“Deglobalization” has entered the narrative zeitgeist. But what’s happening on the ground? This weekly series seeks to answer that question with a round-up of deglobalization developments from the week that’s done.

1. Chris Hughes writes in Bloomberg Opinion that deglobalization is positioned to “determine M&A priorities” in 2023: “Boards in the US and Europe have two strategic concerns in a turbulent world – diversifying supply chains, and allocating capital away from riskier markets and toward what they will see as the relative political and economic safe haven of the US. And whether they make cars or smartphones, companies are reassessing their reliance on China.”

1.5. He’s not alone: JP Morgan strategists say that “globalization’s demise” will be a major theme for 2023.

2. Industry bolsters the argument: Apple is planning to start making its own custom displays for mobile devices as early as 2024, an effort to reduce reliance on technology partners like Samsung and LG. These changes are part of a sweeping effort to bolster Apple supply chains with homegrown parts – and therefore to claim more control over the design and capabilities of products.

3. Plus: An expansion of Tesla’s plant in Shanghai has been delayed, over what Beijing is calling data concerns: The Chinese government says it worries about a US company tied to Elon Musk’s Starlink initiative having such a large presence in the country.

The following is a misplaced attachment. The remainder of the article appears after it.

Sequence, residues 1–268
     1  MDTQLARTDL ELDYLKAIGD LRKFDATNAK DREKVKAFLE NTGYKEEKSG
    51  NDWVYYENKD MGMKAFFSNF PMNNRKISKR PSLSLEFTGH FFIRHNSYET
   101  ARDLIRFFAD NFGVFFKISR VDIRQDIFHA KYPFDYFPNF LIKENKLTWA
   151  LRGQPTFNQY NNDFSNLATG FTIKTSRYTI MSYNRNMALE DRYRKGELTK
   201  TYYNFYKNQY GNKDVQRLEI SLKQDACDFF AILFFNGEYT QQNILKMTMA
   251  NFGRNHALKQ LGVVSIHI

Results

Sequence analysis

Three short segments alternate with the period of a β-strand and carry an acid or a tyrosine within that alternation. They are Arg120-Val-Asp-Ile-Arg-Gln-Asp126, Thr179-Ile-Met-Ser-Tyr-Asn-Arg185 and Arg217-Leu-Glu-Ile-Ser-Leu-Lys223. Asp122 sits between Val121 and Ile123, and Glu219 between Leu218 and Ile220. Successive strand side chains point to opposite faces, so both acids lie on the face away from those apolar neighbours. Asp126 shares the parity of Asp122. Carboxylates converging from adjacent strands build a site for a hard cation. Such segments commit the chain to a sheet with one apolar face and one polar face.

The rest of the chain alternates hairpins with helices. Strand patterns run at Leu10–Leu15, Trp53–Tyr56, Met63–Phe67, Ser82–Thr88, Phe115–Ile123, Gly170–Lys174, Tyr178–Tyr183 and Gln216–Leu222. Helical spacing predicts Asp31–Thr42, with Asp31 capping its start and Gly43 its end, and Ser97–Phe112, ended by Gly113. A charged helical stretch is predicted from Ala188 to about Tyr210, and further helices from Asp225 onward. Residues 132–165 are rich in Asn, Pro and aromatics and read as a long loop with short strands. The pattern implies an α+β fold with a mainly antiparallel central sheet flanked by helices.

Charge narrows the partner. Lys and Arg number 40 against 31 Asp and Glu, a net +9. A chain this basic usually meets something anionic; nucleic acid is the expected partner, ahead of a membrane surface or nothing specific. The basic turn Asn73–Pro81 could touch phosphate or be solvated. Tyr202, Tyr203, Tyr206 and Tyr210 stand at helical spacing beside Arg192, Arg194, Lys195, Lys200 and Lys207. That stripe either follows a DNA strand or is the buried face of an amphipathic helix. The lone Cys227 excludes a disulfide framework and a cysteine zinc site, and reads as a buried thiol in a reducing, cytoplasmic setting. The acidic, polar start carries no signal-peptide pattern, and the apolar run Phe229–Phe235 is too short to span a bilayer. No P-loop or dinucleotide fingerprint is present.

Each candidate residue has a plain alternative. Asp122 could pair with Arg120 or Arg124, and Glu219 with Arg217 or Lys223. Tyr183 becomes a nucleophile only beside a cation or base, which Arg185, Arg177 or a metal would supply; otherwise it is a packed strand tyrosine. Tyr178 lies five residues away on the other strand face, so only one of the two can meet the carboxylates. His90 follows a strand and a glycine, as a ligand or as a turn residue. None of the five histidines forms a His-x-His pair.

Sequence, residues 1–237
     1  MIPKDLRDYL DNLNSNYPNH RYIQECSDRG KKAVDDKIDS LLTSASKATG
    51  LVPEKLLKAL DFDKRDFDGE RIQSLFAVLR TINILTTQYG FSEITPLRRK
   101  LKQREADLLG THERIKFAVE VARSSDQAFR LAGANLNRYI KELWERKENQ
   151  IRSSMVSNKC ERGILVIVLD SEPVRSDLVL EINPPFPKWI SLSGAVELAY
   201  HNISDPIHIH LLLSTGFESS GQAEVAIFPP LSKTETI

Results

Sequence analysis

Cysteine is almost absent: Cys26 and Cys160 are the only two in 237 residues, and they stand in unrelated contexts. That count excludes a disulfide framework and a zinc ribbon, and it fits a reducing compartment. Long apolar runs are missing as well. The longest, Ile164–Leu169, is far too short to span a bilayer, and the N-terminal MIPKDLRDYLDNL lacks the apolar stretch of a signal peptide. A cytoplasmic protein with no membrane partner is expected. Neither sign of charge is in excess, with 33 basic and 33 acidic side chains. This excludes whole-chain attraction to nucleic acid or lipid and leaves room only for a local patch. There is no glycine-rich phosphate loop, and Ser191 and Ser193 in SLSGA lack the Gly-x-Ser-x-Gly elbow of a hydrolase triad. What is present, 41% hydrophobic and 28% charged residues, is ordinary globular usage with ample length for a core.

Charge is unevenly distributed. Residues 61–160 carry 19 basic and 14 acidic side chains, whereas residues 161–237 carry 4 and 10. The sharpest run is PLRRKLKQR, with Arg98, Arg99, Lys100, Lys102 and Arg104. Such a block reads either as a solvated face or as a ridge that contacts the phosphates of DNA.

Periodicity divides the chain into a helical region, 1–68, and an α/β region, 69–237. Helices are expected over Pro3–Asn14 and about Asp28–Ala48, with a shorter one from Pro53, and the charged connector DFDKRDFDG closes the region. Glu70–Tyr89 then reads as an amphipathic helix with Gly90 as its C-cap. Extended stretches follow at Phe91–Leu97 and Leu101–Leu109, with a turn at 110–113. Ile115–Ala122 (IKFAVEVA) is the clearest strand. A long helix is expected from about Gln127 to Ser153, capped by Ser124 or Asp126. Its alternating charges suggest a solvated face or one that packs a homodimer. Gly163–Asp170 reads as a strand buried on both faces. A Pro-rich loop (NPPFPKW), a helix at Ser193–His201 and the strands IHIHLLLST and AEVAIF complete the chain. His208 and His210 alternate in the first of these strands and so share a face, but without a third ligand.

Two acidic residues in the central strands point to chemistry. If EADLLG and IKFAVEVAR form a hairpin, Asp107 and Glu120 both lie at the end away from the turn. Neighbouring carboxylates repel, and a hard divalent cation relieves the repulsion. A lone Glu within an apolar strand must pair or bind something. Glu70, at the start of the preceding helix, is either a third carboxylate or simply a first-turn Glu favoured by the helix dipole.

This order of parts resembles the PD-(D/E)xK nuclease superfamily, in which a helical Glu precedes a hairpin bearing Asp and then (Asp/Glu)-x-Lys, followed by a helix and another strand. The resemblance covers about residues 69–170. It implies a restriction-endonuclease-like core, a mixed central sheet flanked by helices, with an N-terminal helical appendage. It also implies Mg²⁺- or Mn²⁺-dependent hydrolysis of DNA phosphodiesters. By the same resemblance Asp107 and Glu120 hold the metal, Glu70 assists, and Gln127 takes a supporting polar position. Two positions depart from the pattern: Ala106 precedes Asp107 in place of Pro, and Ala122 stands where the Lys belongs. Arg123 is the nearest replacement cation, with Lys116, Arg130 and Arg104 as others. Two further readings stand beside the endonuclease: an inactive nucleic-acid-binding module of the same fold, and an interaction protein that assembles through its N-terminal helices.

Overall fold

4. Need an intellectual framework for all of this? In an HEC Paris piece, Guillaume Vuillemy – author of The Time of Deglobalization – argues that emergent costs of free trade, brought about by deterritorialization, “can be used to justify new forms of protectionism, and a reasoned deglobalization.” The goal: “To make sure that trade is conducted in a way that is once again conditional on common values.”

5. And in government action, China has halted issuing several types of visas to South Korean and Japanese citizens in response to their COVID-19 restrictions on travelers from China. These were the first retaliatory moves taken by China after the US, Japan, and other countries sought to limit the number of Chinese travelers – while an additional set, South Korea included, imposed testing requirements.

6. President Biden is planning an executive order imposing new controls on US companies and investors looking to develop and support Chinese projects – namely in quantum computing, artificial intelligence, and semiconductors.

7. In Korea, the administration of President Yoon Suk-yeol has pledged to enhance support for the reshoring of Korean businesses – especially in order to secure supply chains that have been increasingly disrupted due to the pandemic and escalating geopolitical tensions. For Korean companies reshoring from overseas, the government offers a 100 percent tax exemption for the first five years from the point of return, then a 50 percent tax exemption for the following two years.

8. And, finally, Navy Secretary Carlos Del Toro says that US weapons manufacturers must ramp up production in the coming months – or the US might find it “challenging” to equip itself with weapons systems and help Ukraine defend itself against Russia. “If the conflict does go on for another six months, for another year, it certainly continues to stress the supply chain in ways that are challenging.”

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